Contains Spoilers for Perfect Stranger
A few years back, I used to work for a large Champagne house. Every now and again, we’d get requests from film production companies asking us if we’d like our product to feature in their film – all for an exorbitant fee of course, which they would use to offset the cost of production. I’m all for imaginative movie financing such as this, not that it really got anyone anywhere. At the time, Champagne sales were riding high – the French couldn’t produce enough of the stuff (it is a finite product, after all), so why would anyone want to advertise to sell more? The stuff essentially sold itself.
This is something you almost certainly couldn’t say about Perfect Stranger, which plays as if someone has dropped eighty half-written thriller plot points into a huge food processor and simply hit the ‘splurge’ button, not caring what was poured out or what it looked like. The one notable thing about it is the amount of product placement on show. And as this is a film set partially in the world of advertising, that means there’s an absolute rampage of brands queuing up to get their fifteen seconds of A-list Hollywood exposure. Reebok, Match.com, Victoria’s Secret, Heineken, Sony – plus a few others I probably missed.
It’s bad enough when any film starts down this route, but when it’s in your face as much as it is here, it actually starts to disrupt the very narrative that it helped pay for. For instance, Harrison Hill (Bruce Willis), hot shot advertising honcho and prime suspect in the murder of Halle Berry’s arch-nemesis in a plot too convoluted to give a flying arse about, introduces a Victoria’s Secret show (replete with Heidi Klum co-hosting). All this sequence said to me was that there was no way a brand like Victoria’s Secret was going to let their fictitious fashion show be introduced by a cold blooded murderer, imagined or not. Ka-thunk went a major plank of the narrative, and with it my interest.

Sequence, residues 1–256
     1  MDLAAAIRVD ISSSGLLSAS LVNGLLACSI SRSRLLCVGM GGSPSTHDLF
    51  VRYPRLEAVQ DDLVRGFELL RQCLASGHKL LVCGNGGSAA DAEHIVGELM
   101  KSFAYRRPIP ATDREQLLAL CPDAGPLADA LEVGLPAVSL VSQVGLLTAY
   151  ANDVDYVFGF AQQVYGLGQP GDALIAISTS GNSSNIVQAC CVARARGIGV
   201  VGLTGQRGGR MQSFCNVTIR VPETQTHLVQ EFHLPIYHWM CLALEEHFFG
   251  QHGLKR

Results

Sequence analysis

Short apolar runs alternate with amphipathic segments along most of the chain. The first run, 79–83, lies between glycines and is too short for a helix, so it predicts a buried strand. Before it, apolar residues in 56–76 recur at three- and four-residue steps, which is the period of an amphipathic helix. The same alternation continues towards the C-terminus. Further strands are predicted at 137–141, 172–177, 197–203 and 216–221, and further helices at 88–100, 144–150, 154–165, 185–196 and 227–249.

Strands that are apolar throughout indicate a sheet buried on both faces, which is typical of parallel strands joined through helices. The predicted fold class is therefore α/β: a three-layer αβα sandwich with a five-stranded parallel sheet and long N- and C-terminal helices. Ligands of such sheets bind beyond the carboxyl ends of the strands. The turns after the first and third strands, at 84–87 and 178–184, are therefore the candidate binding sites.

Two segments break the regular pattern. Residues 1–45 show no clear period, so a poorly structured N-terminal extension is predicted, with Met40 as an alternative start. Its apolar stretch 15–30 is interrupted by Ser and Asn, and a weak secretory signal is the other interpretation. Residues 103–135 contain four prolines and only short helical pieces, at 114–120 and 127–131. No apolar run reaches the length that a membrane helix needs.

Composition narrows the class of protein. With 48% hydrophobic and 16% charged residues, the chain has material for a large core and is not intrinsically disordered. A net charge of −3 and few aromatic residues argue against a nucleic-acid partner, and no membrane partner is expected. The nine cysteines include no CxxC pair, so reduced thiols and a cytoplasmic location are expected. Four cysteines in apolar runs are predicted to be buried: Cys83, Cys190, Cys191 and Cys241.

Watching Perfect Stranger, I’m sure there’s a correlation to be drawn between quite how bad a film is and the amount of product placement shoehorned into it – Harley Davidson and the Marlboro Man, anyone? That said, my favourite ever product placement moment – if you can call it that – occurs in Blue Velvet. Our hero’s (Jeffrey Beaumont) favourite tipple is Heineken. At one point in the film, the unpredictable and deranged psychopath Frank Booth asks, ‘What kind of beer do you like to drink, neighbour?’ ‘Heineken,’ Jeffrey replies, uncertain as to whether this is the right answer. ‘Heineken?’ roars Frank, ‘Fuck that shit! Pabst Blue Ribbon!’
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